Friends tell me I have great focus. If there’s a task that I want to do then I will be attentive to the process and the outcome. Job done! You notice I said, “that I want to do”. If I don’t want to do it then I may procrastinate or be focused on methods of avoidance. Focus is a very useful attribute; though I have, through personal experience, learnt how it can slip in to striving beyond my natural abilities.
As a mindfulness practitioner I am working on this awareness. The trick seems to be to pay attention to my body and mind. My body may provide physical symptoms of how my focus is slipping into unhelpful striving. These are usually easy to spot, but perhaps also easy to ignore. My mind however requires constant training.
Your mind, like mine, is constantly busy. Even when you are focused on a specific task, and imagine that you are pretty attuned to what you are doing, your mind will still play about. Slipping off into an imaginary conversation, wondering about how your work will be recognised, or simply replaying an incident from earlier in the day.
Meditation is the training that enables you to pay attention to your mind. Meditation burns the neural pathways that support our intention to be aware of our thoughts and feelings. This then percolates through our life, enabling a mindful approach. Focus requires mindfulness like trees require sunshine.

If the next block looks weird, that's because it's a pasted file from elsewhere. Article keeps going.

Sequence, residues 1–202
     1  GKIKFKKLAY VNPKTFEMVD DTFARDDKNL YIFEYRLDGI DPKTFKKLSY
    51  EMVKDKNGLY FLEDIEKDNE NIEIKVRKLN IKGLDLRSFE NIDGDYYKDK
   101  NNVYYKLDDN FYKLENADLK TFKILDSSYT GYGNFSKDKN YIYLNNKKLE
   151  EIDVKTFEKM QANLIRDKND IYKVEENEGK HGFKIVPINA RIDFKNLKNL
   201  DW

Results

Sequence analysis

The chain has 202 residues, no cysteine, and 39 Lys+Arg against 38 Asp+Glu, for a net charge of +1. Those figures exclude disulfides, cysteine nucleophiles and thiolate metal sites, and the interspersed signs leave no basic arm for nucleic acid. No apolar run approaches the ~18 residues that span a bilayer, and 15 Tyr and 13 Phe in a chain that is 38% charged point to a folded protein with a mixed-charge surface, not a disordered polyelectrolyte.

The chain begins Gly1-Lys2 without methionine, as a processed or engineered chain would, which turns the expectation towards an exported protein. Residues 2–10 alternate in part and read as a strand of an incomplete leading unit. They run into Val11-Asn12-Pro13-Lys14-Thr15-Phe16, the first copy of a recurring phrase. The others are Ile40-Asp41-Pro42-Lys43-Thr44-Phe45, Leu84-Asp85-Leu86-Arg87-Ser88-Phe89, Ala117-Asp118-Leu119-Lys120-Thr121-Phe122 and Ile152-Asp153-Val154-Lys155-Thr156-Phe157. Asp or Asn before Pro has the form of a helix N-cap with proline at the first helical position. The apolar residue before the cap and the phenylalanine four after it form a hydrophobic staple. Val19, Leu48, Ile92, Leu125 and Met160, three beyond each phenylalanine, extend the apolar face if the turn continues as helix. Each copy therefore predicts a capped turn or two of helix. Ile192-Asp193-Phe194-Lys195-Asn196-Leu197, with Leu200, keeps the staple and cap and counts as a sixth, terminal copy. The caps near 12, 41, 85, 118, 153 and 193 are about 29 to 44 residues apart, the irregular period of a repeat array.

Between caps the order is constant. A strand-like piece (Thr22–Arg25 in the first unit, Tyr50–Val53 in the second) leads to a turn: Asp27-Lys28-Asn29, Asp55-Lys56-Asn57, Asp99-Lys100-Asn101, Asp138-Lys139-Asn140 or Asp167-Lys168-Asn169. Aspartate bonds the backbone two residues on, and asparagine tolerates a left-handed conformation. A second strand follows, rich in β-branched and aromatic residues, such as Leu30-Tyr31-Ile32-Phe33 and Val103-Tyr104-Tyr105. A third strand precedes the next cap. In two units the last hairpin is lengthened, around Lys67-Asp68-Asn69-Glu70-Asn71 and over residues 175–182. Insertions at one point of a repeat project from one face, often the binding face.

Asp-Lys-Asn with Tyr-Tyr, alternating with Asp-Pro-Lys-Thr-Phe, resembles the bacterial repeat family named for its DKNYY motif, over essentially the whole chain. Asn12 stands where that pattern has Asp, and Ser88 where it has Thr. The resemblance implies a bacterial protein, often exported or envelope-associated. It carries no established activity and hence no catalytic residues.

Focus in Photography
In the world of photography focus is usually a matter of how sharp your object or image is. However, I am attracted to using a de-focused lens. This enables a playfulness and a sense of possibility. It throws the need for identification of object out of the window and allows colour, shape, pattern and line to assume prominence. These then can suggest a feeling, or they can just be how you were in the moment and let the viewer interpret the vision you have created.
What is then created, can through your choice of visual elements, create a metaphor for a thing or feeling. Alternatively, the blurring of a familiar object may provide a sense of softness or delicacy that would not have been present if the object had been sharp.
If you are intrigued about this and would like to experiment then you need to do two things. Find out how to turn your auto-focus off (this is not always possible with all digital cameras or phones) and secondly get out there and experiment. Inspiration is also at hand. One of my favourite modern photographers who works like this is Isabella Berr. Take a look and take a chance!